Monday, December 17, 2007

English Toffee

I also made one of our family favorites, English Toffee. If any of you have ever tried to make toffee before, you know that it is VERY easy to burn. You have to get it to just the right tempurature and color. My recipe is actually a little bit different from the one that my mom uses. When she started making toffee forever ago, she used a recipe that didn't call for Karo syrup, but said she was burning it a lot. But then she found a recipe with KS, and it didn't burn anymore. Well, the first batch I made, I used a Ghirardelli recipe that I found, and it didn't call for KS and it turned out perfect. But I wanted the toffee a little thicker, so I called my mom to see how much butter and sugar she used per batch, and she told me she added KS as well. Since she couldn't really tell me the purpose of the KS, I decided that since what I was doing was working, why change it?! I also like the idea of having one less ingredient that would add even more sugar than is already called for. So I will give you both recipes, and if one doesn't work for you, try the other one. But I have to say, toffee is so scrumptious, and it really is so fast and easy. It's perfect to make for holiday treats as it is pretty inexpensive, and it's so easy to make a ton of batches. So this will definitely be a holiday staple for me, for years to come! Really quickly, another weird thing about the 2 different recipes is that my mom only cooks her to 290 degrees, but I go to about 300-302 degrees, and it still doesn't burn. I don't know how that works, but in all the recipes I have seen, and even on the candy thermometer, it says the hard crack stage is between 302 and 305 degrees F. On my second batch, I even looked at it at about 290, and it clearly wasn't ready to come off yet. So again, maybe that's the KS thing, and again, do whatever works best for you! You may have to experiment a little to find out what that is.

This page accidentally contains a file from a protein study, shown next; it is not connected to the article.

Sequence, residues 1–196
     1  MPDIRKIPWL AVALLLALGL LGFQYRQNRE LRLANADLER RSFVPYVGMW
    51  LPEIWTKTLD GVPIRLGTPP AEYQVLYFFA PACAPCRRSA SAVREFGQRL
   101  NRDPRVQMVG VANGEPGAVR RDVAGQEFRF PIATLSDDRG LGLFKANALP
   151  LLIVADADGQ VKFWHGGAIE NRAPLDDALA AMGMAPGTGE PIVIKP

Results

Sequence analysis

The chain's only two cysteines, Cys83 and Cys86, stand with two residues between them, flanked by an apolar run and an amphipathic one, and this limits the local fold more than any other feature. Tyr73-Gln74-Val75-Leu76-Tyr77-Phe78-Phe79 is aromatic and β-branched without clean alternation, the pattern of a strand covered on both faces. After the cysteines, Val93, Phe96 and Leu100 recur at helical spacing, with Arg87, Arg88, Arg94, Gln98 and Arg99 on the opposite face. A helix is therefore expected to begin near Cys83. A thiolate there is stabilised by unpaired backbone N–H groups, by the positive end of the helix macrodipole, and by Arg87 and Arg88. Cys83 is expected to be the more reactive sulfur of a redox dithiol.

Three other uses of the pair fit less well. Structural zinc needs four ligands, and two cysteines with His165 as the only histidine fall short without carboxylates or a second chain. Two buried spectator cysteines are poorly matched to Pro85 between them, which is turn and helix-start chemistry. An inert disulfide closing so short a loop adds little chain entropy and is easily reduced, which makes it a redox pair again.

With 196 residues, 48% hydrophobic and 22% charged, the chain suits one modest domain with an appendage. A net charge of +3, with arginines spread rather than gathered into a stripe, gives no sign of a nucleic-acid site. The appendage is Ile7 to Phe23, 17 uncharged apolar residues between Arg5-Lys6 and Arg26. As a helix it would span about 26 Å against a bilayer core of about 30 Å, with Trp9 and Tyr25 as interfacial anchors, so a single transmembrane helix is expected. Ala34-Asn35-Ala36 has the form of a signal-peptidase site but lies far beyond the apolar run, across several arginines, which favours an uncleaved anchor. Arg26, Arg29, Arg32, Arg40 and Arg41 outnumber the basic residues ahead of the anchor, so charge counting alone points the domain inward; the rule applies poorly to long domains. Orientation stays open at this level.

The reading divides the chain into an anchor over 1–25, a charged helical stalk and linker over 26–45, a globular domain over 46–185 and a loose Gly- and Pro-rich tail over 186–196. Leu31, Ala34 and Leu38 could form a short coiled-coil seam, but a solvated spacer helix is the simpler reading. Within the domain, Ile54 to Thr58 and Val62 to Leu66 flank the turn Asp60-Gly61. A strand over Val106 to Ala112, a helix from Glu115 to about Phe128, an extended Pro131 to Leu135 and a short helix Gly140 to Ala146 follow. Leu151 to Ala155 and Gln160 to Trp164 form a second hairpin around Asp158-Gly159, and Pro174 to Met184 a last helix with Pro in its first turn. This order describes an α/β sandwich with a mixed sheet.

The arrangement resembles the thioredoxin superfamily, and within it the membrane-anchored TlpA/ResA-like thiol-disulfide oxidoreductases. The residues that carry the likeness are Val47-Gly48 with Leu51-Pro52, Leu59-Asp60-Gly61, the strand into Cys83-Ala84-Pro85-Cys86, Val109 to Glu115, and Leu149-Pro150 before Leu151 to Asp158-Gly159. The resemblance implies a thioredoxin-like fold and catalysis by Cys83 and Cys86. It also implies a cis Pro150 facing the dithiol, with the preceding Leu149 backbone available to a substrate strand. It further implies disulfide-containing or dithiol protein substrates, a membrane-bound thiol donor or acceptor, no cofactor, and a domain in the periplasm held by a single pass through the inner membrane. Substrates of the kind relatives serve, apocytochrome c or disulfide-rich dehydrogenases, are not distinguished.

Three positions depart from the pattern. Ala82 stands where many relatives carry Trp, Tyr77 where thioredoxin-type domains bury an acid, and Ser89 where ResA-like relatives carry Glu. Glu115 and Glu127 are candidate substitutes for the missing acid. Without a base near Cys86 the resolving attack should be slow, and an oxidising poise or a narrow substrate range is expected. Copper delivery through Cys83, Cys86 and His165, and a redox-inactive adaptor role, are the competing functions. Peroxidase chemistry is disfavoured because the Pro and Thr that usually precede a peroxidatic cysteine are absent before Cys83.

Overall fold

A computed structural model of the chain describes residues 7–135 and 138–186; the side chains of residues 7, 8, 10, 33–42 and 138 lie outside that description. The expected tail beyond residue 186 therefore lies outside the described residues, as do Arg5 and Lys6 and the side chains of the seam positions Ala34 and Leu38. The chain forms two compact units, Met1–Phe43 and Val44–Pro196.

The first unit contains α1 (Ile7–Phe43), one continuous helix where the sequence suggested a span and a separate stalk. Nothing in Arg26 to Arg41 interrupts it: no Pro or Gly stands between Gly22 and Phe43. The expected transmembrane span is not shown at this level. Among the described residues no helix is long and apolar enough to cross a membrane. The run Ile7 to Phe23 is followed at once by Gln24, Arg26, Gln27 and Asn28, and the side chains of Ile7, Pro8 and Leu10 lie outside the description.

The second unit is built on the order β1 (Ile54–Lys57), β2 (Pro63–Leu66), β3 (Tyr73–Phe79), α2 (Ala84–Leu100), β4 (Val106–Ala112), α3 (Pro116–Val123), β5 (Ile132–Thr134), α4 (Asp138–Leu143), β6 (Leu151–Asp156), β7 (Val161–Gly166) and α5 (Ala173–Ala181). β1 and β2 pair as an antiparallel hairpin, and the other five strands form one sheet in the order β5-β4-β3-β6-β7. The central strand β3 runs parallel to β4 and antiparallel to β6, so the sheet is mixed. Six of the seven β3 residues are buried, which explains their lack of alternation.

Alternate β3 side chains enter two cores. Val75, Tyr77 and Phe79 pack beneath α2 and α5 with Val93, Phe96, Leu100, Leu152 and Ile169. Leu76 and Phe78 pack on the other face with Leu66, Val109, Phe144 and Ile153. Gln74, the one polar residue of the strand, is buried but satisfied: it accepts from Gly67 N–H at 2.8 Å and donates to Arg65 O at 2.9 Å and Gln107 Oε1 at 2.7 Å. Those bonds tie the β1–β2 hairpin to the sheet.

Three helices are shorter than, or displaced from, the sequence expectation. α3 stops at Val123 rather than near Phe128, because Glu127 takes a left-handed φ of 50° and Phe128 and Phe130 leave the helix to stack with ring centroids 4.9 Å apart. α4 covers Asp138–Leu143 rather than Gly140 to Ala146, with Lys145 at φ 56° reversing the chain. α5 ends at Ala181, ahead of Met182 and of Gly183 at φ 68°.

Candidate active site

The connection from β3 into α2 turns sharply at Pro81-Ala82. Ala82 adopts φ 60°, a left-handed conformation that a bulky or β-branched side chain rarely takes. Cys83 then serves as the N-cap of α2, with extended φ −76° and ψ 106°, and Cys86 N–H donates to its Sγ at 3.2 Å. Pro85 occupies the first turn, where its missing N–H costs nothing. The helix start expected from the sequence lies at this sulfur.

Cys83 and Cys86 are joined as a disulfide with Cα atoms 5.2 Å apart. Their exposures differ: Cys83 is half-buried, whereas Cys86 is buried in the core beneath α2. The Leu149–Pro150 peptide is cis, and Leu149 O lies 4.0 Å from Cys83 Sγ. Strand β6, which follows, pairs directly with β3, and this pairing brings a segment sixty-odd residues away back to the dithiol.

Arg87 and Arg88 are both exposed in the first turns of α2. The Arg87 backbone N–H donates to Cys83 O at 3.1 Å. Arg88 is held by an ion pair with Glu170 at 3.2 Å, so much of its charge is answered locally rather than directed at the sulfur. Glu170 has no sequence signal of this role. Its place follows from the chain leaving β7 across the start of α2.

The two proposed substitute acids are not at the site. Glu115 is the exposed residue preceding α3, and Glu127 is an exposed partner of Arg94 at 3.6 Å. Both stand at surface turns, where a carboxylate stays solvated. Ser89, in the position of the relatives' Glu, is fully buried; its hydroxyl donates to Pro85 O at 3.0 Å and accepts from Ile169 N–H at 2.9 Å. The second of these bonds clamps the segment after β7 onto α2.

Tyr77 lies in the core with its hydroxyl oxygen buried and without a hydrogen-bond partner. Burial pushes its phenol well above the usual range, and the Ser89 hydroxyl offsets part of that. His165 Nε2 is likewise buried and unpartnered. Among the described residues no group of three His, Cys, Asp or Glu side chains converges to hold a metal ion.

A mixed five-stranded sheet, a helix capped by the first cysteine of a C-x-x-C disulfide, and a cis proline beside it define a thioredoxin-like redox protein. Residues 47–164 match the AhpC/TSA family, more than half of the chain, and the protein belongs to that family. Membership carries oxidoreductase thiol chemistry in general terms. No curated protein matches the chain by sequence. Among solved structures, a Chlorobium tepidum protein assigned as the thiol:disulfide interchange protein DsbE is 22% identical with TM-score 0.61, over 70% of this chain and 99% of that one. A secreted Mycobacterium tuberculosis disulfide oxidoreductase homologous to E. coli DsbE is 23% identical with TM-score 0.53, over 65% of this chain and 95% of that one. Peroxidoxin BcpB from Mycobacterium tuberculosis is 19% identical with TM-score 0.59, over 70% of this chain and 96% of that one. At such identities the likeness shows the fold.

Ghirardelli English Toffee
(this is the recipe I like, I just double it for one batch for thicker toffee)
3/4 C pecans or almonds FINELY chopped
1 C butter (NOT margarine)
1 C sugar
2 Tbs water
1 tsp vanilla
1/8 tsp salt
1/2 cup chocolate chips (i love semi-sweet) or 8oz baking chocolate

preheat oven to 350 degrees. toast chopped nuts 6-8 minutes or until fragrant

line cookie sheet with foil
in a heavy sauce pan, cook butter until just melted, then add sugar, water and salt. Clip candy thermometer to side of pan and stir occasionally until temp reads 302 degrees F. It will be a dark golden brown. Immediately remove from heat, stir in vanilla. Pour mixture onto foil, spread out then let sit at room temp until hard, about 45 min.

Melt chocolate according to instructions, then spread over toffee.

Sprinkle nuts on top, then let set at room temp for about 1 hour until chocolate is set.

Break into pieces. Store covered at room temp for up to one month. (I like to store it in the fridge)

*These pictures were taken during my first batch, so you can see that it is spread thin. My second batch was able to be spread over more of the pan and was thicker.
* Another tip, be sure to watch the temp very closely, especially when it is nearing the desired temp, as it goes very fast near the end. On my second batch, I actually added the vanilla around 290 degrees, and the temp didn't rise as fast, I don't know if the vanilla had anything to do with it, but my second batch was better, I think. I am making a third batch today, so we will see how that one turns out.

Mom's English Toffee Recipe
1 lb real butter
2 C sugar
3/8 water
2 Tbs light corn/karo syrup
1 tsp vanilla
about 3/4 C crushed almonds
3/4 C choco chips (semi-sweet)

Follow instructions above. Add KS when add sugar and water. My mom cooks hers to about 290 degrees.

On either of these recipes, you can also add nuts to the toffee before it hardens, as well as on top of the chocolate.

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